The Hsipaw bound train chugged out of the station at exactly 4:00 am. The reality of life in Mandalay struck me as I saw dozens of people sleeping along the tracks. The first couple hours were bumpy but uneventful. The first sign that this would be a ride to remember came at around 6:00 am with a stunning sunrise high up in the mountains. From there we climbed toward the hill town of Pyin Oo Lwin (Maymyo), elevation 1,070 meters. The view was like something out of a fairytale – jagged mountain peaks, steep cliffs, sweeping valleys. With the windows down, rubbery branches of foliage whipped in and out of the train carriage from every direction. The trains in Myanmar are a bit different than the ones back home. Broken windows, missing doors, no big deal. The toilet consisted of a hole in the floor. Just imagine.
We arrived at Pyin Oo Lwin at 8:00 am. Somewhere along the way, we stopped for 20 minutes to load what seemed like an entire army of goats into a rear carriage. Imagine the spectacle as hundreds of goats funneled in through the narrow door, jumping head over heels on top of each. Entertaining as it was, the real highlight was yet to come.
Traversing the Gokteik Viaduct
A monster of silver geometry in all the ragged rock and jungle, its presence was bizarre.
– Paul Theroux, The Great Railway Bazaar
We pulled into Gokteik station sometime after 11 am. It was there that I first saw it looming in the distance, the “monster” immortalized in Paul Theroux’s epic railway travelogue. The famous Gokteik Viaduct. The massive 689-meter single track trestle was completed in 1900 by an American company during the days of British rule. It was the largest railway trestle in the world at the time and was considered a masterpiece of engineering. Standing over 100 meters, it’s the highest bridge in the country to this day. Rumor has it that the Burmese government didn’t perform maintenance on the trestle for decades after its completion because of a British insurance policy. But not to worry, the train passes over the deep ravine at a snail’s pace. Plus, it was renovated in the 1990’s (as if that’s comforting).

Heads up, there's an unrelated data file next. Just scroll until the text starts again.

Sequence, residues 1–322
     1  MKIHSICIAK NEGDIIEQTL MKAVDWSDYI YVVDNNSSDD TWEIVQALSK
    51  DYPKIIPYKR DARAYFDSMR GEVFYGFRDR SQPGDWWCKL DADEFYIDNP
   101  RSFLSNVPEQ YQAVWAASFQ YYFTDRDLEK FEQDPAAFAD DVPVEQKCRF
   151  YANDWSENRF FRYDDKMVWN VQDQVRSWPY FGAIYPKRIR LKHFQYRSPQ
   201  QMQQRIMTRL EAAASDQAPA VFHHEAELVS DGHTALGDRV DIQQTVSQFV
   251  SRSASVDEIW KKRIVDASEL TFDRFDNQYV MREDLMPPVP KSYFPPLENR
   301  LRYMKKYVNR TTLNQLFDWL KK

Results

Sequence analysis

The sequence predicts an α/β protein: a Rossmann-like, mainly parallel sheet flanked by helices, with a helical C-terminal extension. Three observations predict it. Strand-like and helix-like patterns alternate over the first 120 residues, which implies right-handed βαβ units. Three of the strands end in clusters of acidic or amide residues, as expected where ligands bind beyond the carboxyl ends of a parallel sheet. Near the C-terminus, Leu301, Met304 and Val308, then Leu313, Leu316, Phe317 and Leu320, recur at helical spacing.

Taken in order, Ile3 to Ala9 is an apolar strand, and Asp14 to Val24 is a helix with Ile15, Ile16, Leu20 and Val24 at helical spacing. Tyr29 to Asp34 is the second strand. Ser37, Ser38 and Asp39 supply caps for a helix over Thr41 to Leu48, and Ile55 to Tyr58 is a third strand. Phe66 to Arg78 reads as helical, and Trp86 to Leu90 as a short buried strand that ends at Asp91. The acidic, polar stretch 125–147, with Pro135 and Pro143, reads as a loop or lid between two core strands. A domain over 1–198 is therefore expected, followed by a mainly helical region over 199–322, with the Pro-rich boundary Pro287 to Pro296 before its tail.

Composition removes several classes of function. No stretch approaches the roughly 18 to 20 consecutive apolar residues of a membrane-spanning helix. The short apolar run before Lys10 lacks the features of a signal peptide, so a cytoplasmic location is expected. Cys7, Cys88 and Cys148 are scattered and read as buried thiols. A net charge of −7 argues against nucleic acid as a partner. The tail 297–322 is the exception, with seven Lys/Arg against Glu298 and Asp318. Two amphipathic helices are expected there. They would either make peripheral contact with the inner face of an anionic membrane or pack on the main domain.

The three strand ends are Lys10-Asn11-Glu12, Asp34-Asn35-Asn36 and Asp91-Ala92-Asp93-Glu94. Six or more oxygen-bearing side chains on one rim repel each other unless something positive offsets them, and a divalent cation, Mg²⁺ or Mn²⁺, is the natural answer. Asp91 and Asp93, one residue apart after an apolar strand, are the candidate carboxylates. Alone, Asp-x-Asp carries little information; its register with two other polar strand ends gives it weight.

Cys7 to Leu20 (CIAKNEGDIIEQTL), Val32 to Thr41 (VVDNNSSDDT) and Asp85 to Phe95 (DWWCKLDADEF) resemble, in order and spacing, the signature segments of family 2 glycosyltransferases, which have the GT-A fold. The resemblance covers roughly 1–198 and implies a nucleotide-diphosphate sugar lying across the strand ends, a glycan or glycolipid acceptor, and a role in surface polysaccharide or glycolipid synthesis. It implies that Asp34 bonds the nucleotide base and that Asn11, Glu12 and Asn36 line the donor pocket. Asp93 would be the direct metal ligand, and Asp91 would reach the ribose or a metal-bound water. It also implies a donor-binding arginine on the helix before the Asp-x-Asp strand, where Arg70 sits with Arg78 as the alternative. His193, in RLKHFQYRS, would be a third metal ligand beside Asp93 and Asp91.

We rolled into Hsipaw only a few hours behind schedule. This charming little town in northern Myanmar is surrounded by traditional Shan villages and excellent trekking opportunities. You can read about how I nearly stumbled into an armed conflict between the army and local militia in an upcoming post. But that’s for another time.
Lessons from Faraway Places
Traveling in Myanmar can be exhausting. Go slow, savor the journey, no matter how uncomfortable it might be. There’s a lesson in every experience. Our responsibility as travelers is to find that lesson and carry it with us. To grow and become better people. To change the lives of others. Myanmar is a unique country, but it won’t remain unchanged forever. Tourism is set to dramatically increase in the coming years. As of 2015, Myanma Railways has a $20 million deal in place with Mitsubishi and Hitachi to overhaul the Myanmar train network. It’s reasonable to assume that this is the beginning of many changes to come. So enjoy the ride while it lasts.